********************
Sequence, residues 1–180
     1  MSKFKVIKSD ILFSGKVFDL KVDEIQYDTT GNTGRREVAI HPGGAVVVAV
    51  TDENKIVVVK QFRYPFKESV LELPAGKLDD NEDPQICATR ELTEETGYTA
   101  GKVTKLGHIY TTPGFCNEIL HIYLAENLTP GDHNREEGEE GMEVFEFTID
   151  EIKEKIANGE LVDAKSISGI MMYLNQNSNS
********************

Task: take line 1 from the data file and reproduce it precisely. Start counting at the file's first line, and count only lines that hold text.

Sequence, residues 1–180